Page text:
Courier-Life publications, a Brooklyn newspaper chain with wide distribution, has put the backlash against the "building blitz" on the front cover. While the Atlantic Yards gets a great deal of attention, the Courier reported on all the other issues around town:
It’s the summer of 2007 and many people in Brooklyn are sweating more than the heat.
Their neighborhoods are changing fast and it doesn’t matter if “traditional housing stock” where you live means a three-story brownstone or a street-level bungalow – all you have to do is look through the blinds. New condominiums and out-of-character buildings are sprouting up everywhere.
“Does the city want to destroy neighborhoods? Sometimes I wonder,” Jim Ivaliotis said at a recent meeting of the Madison-Marine-Homecrest Civic Association on East 27th Street. “The city is a little pro building.”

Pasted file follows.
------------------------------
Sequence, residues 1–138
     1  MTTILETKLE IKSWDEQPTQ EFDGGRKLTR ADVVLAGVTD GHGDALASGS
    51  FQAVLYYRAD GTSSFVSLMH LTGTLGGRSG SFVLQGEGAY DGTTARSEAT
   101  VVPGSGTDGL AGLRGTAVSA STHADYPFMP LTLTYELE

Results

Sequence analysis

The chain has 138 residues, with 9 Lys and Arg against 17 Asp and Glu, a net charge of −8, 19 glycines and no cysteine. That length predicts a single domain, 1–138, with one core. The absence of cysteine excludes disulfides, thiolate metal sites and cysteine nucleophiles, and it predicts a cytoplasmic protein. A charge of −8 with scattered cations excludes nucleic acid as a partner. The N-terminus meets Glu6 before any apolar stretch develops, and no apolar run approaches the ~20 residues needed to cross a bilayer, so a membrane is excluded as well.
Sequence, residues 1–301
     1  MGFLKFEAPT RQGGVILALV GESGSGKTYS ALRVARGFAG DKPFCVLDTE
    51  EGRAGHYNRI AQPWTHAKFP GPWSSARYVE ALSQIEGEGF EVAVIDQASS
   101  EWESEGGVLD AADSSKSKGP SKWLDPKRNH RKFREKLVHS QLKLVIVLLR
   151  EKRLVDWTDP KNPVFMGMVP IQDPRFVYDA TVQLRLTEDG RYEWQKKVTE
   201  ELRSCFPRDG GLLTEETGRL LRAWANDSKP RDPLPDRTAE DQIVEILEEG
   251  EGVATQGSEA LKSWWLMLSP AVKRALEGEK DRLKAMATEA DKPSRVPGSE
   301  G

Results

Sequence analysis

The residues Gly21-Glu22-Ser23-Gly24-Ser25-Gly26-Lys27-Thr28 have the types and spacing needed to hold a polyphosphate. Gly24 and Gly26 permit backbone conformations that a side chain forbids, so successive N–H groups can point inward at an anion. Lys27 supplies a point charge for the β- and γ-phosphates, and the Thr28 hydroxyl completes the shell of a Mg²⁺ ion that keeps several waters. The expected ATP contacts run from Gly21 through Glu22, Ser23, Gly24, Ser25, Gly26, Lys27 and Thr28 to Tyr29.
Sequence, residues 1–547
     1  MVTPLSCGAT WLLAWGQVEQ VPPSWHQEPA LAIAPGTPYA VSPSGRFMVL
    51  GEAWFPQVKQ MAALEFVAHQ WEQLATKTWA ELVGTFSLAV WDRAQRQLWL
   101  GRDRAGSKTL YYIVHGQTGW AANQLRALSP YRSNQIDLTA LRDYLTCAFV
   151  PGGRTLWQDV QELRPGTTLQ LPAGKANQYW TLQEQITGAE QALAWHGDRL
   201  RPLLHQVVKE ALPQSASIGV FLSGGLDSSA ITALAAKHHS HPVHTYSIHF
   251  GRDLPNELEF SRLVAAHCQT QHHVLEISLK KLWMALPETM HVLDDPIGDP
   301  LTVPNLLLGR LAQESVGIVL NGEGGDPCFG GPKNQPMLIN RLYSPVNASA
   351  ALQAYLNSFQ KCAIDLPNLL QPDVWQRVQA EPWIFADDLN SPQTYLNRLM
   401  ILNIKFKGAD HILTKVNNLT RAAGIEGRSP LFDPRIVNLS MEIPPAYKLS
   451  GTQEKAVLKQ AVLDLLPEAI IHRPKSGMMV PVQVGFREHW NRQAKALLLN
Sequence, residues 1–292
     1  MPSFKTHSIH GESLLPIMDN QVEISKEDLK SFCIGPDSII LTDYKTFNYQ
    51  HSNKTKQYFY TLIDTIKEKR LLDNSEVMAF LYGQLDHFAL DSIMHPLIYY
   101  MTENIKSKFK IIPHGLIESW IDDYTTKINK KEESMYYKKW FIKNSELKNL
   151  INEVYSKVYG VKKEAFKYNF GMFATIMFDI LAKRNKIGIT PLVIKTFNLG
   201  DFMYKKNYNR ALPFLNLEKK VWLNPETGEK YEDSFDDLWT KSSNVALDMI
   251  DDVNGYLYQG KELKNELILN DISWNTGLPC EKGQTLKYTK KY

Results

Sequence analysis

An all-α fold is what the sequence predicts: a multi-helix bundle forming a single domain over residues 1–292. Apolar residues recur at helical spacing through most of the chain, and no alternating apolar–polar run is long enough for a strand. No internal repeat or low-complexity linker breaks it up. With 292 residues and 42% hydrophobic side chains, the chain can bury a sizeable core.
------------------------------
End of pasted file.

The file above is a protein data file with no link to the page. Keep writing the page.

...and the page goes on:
Ivaliotis is one of an increasing number of community activists who have started crossing neighborhood boundaries in search of allies in the fight against overdevelopment.
Like-minded individuals from seemingly disparate communities like Canarsie and Bay Ridge and even beyond have been gathering in the basement of the Kings Highway Reformed Church off Quentin Road all year long to vent their frustration about out-of-character development and devise a plan for how to stop it.
Opposition to the policies of the NYC Economic Development Corporation is growing and getting more organized. Hopefully the agency will come to realize that it is supposed to serve the public, not the other way around.